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7 Common CV Mistakes – What to Avoid

Your CV (alongside your cover letter) is your first chance to get an employer (or recruiter) to notice you.

Hiring managers come across countless CVs every single day, and whilst there are ways you can make your CV stand out positively, there are just as many ways you can make it stand out for all the wrong reasons.  

With that in mind, we’ve put together seven of the most common CV mistakes to avoid making to ensure you have the best chance possible of landing the job of your dreams. So, without further ado…

1. Spelling Errors

This one is as infuriating as it is (frustratingly) common. Spelling mistakes instantly put you on the back foot when it comes to your CV, particularly when you consider that there are several great (free) spell check tools out there that you can utilise to clean up your CV, grammatically speaking.  

We appreciate that spelling is difficult for some people and that written skills aren’t always a significant requirement for a job role. However, CVs almost always act as an employer’s initial barometer for a candidate’s suitability for a role, and a CV punctuated from top to toe with basic spelling mistakes will linger in the memory and not in the way you want it to.

2. Poor Formatting

Does the way your CV is laid out make sense? Or is it all one big, jumbled mess? Lay out your CV in an easy-to-follow and logical format, detailing your experience, skills, and qualifications in digestible, distinct groupings.  

If everything is just bunged in together rather than in a thought-through manner, it will be challenging for recruiters or hiring managers to make sense of your CV quickly or easily. You want to make a good first impression, right? If you’re making the employer’s life more difficult, you’re not making a good first impression.

3. Including Too Much Waffle

It can be tempting to include everything in your CV, but you need to remember only to include things that are relevant to the role to which you’re applying.  

You might be very proud of that 10m swimming badge you earned as a child, but the chances are it’s not going to help you secure gainful employment as an adult. It’s a joke example, of course, but the principle stands.  

Some general information, skills, and qualifications can be included, but make sure to detail why they’re relevant to your current application.

4. Being too Vague/Generic

One of the most common errors we see in the CVs submitted to us is when a CV hasn’t been tailored to the specific job the candidate is applying for. What are the requirements listed in the job description? How can you tweak your CV so it’s hyper-relevant to the job/company?  

Recruiters can see from a mile away when a CV has been blanket sent to them alongside tens of other companies or recruiters. Putting in the effort to make every CV submission specific to every job you apply for can make a genuine difference. It shows you’re a serious candidate who’s done their research.

5. Failing to Explain Gaps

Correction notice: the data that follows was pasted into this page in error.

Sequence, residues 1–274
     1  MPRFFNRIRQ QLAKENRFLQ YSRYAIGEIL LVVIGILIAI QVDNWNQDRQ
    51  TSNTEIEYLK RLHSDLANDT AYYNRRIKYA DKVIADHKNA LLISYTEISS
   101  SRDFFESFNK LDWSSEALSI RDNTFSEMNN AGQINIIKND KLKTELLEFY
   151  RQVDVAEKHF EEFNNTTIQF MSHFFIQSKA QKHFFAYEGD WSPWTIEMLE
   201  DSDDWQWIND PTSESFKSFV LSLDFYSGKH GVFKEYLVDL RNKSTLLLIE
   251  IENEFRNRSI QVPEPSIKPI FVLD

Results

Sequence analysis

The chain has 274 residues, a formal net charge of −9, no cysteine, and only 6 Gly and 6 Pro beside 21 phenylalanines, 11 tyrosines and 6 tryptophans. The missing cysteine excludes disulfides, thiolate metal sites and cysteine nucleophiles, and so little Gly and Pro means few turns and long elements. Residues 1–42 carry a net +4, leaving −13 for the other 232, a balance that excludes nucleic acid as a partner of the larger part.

Contrary to popular belief, gaps in your CV aren’t automatically a bad thing. Forgetting or failing to quickly explain them is a mistake, however.  

A quick note stating that you were travelling, ill, on maternity leave, or whatever it might have been, will automatically answer any questions that might have arisen in an employer’s mind, having seen the gap.  

Again, this doesn’t need to be a lengthy explanation, and you can go into more detail about the breaks in your cover letter, but it just helps cover all bases and curb any doubts that a recruiter or hiring manager might have.

6. Lying…

It should go without saying, but lying on your CV is a big no-no. Besides the ethical issues surrounding being dishonest on your CV, frankly, it’s just plain dumb. It’ll almost always come back to bite you – either at the interview stage or at the job itself, should you be successful.  

We’re not just talking about flat-out lies here, either. We’re also referring to any massaging of the truth. It’s just not worth the potential hassle to exaggerate or stretch your experience or qualifications.  

If your CV is good enough, then it’ll be good enough. And if you need to lie in order to secure a role, then you’re probably not qualified or experienced enough for that position at that time.

7. Too Long or Too Short

The key is to make your CV like baby bear’s porridge – just right. There’s a concept in Swedish called lagom, which refers to not too much and not too little, and that’s precisely how your CV should be. As a rule of thumb, your CV should be no shorter than one page of A4 and no longer than two.  

If your CV is too short, potential employers will consider it a bit lightweight and wonder whether you’re experienced enough for the role or care enough to include enough information in your CV.  

Too much in your CV, on the other hand, and they’ll become disinterested or overwhelmed. They may also feel as though you have not taken the time to pick out the most relevant information, and they may move on to a more streamlined CV.

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So, once you’ve got your CV looking spick and span, then why not apply to one of our fantastic job opportunities? We’ve got roles in healthcaresocial careeducation, and recovery and criminal justice. We can’t wait to hear from you!   

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